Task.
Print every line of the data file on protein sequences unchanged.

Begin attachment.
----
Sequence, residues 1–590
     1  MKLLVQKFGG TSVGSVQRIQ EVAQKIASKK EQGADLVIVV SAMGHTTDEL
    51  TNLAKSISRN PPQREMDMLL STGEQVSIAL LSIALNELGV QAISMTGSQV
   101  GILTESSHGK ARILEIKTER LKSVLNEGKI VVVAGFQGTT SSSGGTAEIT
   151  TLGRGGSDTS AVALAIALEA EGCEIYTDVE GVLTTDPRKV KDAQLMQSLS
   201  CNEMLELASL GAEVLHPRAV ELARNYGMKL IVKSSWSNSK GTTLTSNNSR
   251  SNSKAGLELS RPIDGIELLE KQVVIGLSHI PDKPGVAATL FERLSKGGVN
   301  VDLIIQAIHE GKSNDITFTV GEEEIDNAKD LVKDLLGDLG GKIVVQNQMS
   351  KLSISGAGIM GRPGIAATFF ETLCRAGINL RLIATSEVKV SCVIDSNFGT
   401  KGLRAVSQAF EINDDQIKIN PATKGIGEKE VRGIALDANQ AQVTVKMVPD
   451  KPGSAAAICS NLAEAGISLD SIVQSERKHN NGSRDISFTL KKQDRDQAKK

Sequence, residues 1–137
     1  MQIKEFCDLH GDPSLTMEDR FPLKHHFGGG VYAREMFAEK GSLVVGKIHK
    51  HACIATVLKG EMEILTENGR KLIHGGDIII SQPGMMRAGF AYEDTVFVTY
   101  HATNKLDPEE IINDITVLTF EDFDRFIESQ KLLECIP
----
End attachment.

Sequence, residues 1–590
     1  MKLLVQKFGG TSVGSVQRIQ EVAQKIASKK EQGADLVIVV SAMGHTTDEL
    51  TNLAKSISRN PPQREMDMLL STGEQVSIAL LSIALNELGV QAISMTGSQV
   101  GILTESSHGK ARILEIKTER LKSVLNEGKI VVVAGFQGTT SSSGGTAEIT
   151  TLGRGGSDTS AVALAIALEA EGCEIYTDVE GVLTTDPRKV KDAQLMQSLS
   201  CNEMLELASL GAEVLHPRAV ELARNYGMKL IVKSSWSNSK GTTLTSNNSR
   251  SNSKAGLELS RPIDGIELLE KQVVIGLSHI PDKPGVAATL FERLSKGGVN
   301  VDLIIQAIHE GKSNDITFTV GEEEIDNAKD LVKDLLGDLG GKIVVQNQMS
   351  KLSISGAGIM GRPGIAATFF ETLCRAGINL RLIATSEVKV SCVIDSNFGT
   401  KGLRAVSQAF EINDDQIKIN PATKGIGEKE VRGIALDANQ AQVTVKMVPD
   451  KPGSAAAICS NLAEAGISLD SIVQSERKHN NGSRDISFTL KKQDRDQAKK

Sequence, residues 1–137
     1  MQIKEFCDLH GDPSLTMEDR FPLKHHFGGG VYAREMFAEK GSLVVGKIHK
    51  HACIATVLKG EMEILTENGR KLIHGGDIII SQPGMMRAGF AYEDTVFVTY
   101  HATNKLDPEE IINDITVLTF EDFDRFIESQ KLLECIP